3D Printers

Should 3D Printing Be Regulated?

US New York Council Member Lewis Fidler (D-Brooklyn) introduced a new bill to regulate 3D printed guns in New York this week. The bill would make it illegal to use a 3D printer to create any part of a firearm unless the person is a licensed gunsmith. A gunsmith printing any part of a gun would be required to register it within 72 hours and notify the NYPD.

A second piece of legislation was also announced on June 12 by State Assemblywoman Linda Rosenthal (D-Manhattan) to illegalize the manufacture, sale or use of guns or ammunition made with a 3D printer.

Gun creator and 3D printing anti-hero Cody Wilson is reported to have retorted that “Such legislation is a deprivation of equal protection and works in clear ignorance of Title I and II of U.S. gun laws.” Referring to Title 1 of the Gun Control Act of 1968, and Title 2 of the National Firearms Act.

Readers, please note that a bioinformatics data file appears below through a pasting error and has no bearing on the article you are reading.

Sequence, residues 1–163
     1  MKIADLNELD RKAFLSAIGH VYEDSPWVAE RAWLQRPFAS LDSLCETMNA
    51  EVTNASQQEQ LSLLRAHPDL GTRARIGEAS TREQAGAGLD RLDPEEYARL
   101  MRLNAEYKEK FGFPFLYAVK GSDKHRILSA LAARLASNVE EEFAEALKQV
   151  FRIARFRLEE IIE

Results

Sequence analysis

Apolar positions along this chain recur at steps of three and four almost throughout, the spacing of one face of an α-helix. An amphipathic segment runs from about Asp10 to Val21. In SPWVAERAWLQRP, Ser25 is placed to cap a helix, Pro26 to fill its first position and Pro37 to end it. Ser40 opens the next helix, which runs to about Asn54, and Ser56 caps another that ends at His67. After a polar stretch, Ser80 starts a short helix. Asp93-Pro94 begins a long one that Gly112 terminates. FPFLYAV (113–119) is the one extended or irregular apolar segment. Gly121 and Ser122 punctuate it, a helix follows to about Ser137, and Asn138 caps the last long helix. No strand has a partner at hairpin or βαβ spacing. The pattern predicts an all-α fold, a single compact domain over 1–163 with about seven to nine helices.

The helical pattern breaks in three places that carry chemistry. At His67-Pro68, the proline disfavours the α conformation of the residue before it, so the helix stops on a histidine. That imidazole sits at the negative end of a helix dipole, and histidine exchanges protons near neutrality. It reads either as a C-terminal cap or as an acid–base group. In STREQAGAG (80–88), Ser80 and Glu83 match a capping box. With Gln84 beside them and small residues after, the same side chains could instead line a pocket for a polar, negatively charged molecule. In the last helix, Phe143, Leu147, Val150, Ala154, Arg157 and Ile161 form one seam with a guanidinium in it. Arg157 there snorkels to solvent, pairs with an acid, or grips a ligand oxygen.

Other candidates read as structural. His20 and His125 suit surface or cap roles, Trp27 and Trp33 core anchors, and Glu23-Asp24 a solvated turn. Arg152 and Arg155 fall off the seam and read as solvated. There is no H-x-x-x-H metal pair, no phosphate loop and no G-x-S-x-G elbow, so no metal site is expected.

Under US federal law, it is legal for individuals to manufacture certain types of firearms as long as the guns are not resold, are not fully automatic and comply with set limits such as on gun and barrel length. The person who builds his or her own gun needs to make at least 20 percent of the receiver, which houses the trigger and operating parts of the firearm. This aims to prevent people from buying gun parts separately to the assemble, the part of the law that is evaded by producing a gun on a 3D printer as the receiver can be printed.

Further to last week’s survey of US opinions on owning 3D Printers at home, theepochtimes.com is currently conducting their own poll into whether 3D printers should be regulated, which, further to my vote, currently stands at:

3D Printing Poll Screen shot 2013-06-14 at 10.44.13